A long weekend is upon us, thanks to America’s 239th Independence Day, the day the American forefathers declared independence from Great Britain. For more than two centuries, Americans have been celebrating this solemn day each year with fireworks and gatherings of family and friends.
But for some, a long weekend is for hobbies: Some might fly kites at a park or ride a motorcycle and zoom about the town or repair their car or lawnmower — all in the name of hobby.
My newfound hobby is woodcarving, including relief-carving, sculpting and wood-burning. The statistics show that older people who enjoy painting, drawing, sculpting or do other forms of artwork are less likely to fall prey to the brain diseases such as Alzheimer’s and dementia, and I, too, decided that it’s time to protect my brain, the center of my being.
The kinds of wood you can carve are usually old, selected and have been processed, so that they’re soft enough to cut and are durable too.
Woodcarving is a reduction process, which means you cut away excess wood from your project, and once done, you can’t reverse what’s done. In a sense, it’s like walking on the Bridge of No Return. No regrets. No turning back!
Woodcarving benefits all age groups, not only older people.
Austin Moen, 16, a sophomore at Mill Valley High School, joins his grandpa, Jack Moen, on Tuesday mornings at Tomahawk Ridge Community Center, where about 20 local woodcarvers have been gathering to exchange ideas, critique one another’s work and learn from one another since 2008. According to Grandpa Moen, Austin learned to carve at age 5, often cutting his little fingers, but he kept on carving. Like his grandpa, Austin carves cowboys, and believe it or not, the cowboys carved by the Moens share a likeliness of one another. And grandpa and grandson always sit next to one another at the table and quietly carve for two hours. The proud grandpa once tipped me that, Austin, besides being a young carver, is an outstanding student, too, and fixes his own Honda Accord when necessary.
“He wants to be a mechanical engineer!”
What drew him to carving wood?
“For the fun of it,” Austin said.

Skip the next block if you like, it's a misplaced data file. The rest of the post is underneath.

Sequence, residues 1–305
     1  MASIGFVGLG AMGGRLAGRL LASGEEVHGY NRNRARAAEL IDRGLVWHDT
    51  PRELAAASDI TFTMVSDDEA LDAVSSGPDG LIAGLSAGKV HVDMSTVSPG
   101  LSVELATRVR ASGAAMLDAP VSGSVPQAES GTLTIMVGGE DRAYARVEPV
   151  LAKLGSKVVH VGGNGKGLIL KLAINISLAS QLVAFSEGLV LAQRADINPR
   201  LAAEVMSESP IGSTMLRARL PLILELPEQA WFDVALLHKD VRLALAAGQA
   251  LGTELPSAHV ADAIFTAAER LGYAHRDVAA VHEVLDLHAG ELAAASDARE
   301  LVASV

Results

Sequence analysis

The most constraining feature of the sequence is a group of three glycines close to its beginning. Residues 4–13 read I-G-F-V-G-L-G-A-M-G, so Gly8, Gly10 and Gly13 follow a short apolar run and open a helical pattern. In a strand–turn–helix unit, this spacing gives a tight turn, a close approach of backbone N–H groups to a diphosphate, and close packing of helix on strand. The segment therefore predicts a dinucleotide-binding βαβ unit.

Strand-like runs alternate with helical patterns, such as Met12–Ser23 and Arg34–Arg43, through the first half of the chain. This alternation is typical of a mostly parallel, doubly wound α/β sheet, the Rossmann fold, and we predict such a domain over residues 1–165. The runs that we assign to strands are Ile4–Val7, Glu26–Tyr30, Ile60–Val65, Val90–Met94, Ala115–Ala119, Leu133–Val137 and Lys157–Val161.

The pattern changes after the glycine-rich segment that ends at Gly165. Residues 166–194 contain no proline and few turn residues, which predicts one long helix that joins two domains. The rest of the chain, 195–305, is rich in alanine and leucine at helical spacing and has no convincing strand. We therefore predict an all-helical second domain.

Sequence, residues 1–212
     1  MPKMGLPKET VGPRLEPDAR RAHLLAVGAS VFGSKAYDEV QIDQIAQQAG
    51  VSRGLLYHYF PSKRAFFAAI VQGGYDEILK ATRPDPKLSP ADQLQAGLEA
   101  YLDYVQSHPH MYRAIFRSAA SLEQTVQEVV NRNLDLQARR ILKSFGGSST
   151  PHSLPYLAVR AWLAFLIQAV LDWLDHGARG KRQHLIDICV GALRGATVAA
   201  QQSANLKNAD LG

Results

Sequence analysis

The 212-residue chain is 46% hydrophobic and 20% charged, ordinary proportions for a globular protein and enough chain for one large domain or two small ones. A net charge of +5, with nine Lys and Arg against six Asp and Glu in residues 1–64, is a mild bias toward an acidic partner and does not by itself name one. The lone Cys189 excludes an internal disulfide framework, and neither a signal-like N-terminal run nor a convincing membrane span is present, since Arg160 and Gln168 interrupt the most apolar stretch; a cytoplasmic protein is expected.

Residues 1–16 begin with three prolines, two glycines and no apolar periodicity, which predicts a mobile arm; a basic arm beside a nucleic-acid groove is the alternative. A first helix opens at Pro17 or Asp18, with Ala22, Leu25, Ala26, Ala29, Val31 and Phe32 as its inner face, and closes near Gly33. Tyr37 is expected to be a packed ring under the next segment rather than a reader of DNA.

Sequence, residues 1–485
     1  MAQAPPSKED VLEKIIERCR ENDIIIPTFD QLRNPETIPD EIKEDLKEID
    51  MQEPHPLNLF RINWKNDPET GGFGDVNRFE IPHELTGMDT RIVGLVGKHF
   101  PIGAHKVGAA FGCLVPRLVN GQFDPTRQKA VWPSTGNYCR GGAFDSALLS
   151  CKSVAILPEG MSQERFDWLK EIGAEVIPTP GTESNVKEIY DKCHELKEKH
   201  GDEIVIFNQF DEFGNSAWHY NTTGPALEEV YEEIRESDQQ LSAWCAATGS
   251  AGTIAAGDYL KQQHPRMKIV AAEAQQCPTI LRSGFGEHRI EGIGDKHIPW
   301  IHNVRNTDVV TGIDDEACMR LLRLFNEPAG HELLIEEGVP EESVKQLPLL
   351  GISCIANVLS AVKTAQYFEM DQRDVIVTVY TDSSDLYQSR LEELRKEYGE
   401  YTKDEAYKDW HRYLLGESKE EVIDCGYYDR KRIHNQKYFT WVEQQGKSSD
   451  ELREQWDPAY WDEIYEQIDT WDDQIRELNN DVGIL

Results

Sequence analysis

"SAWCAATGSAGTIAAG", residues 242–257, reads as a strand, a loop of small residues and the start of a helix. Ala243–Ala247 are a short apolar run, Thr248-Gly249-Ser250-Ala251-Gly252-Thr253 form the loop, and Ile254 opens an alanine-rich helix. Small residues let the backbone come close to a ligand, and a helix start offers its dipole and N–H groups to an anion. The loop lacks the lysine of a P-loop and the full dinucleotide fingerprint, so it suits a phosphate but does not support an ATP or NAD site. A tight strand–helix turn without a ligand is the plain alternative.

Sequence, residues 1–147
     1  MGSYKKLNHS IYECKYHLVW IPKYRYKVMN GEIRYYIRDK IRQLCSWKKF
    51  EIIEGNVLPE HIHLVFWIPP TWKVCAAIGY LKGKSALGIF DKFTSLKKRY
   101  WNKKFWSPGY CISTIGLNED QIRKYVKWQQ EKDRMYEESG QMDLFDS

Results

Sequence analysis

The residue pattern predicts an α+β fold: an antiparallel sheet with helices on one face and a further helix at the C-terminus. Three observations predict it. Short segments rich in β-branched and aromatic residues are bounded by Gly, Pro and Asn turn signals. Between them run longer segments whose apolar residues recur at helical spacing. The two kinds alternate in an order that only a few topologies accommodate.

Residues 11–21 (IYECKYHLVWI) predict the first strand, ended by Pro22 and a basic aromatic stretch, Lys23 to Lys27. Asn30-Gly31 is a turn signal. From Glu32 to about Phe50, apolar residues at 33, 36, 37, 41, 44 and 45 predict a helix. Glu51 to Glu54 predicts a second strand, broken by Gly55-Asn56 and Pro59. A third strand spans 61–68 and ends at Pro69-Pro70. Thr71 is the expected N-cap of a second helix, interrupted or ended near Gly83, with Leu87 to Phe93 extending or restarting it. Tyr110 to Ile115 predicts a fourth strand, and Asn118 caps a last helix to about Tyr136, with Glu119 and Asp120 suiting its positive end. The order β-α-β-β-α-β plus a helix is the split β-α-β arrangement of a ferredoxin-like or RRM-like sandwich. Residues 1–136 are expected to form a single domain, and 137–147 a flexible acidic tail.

Austin works 45 hours a week during his summer vacation but still finds time to carve and “hang out” with his friends, he said.
Another carver who also happened to be named Jack — Jack Selck — who lives in Oak Grove, began carving 25 years ago as a hobby, but today he’s a well-known artist. He mostly taught himself to carve, he said, as a traveling salesman long before his retirement in 2007.
“In the evenings in my hotel room, after long hours on the road, there was nothing more enjoyable than cutting wood with my knives,” Selck said. “Many times, the staff at the motel I stayed at provided me an extra bed-sheet to catch the wood chips falling from my project, and some of them even visited my room to see how much my artwork has progressed. Who inspired me to carve? No one, really! I have taken classes, but most of what I know today is by working alone and correcting my own mistakes.”
At his home studio in Oak Grove, he often turns his favorite music on while carving, but when he was traveling, he didn’t have that luxury. But he benefited from working long hours in solitude where he was the sole judge of his own work.
The rules in the hobby world are not complicated. Once your project grabs you and demands what it wants to become in your hands, you and your project are bonded to be true in good times and in bad, in sickness and in health, and together you take a journey to the unknown. Call it a gamble. But it’s a rewarding journey filled with fun.
Retired musician and freelance columnist Therese Park has written three novels about Korea’s modern history.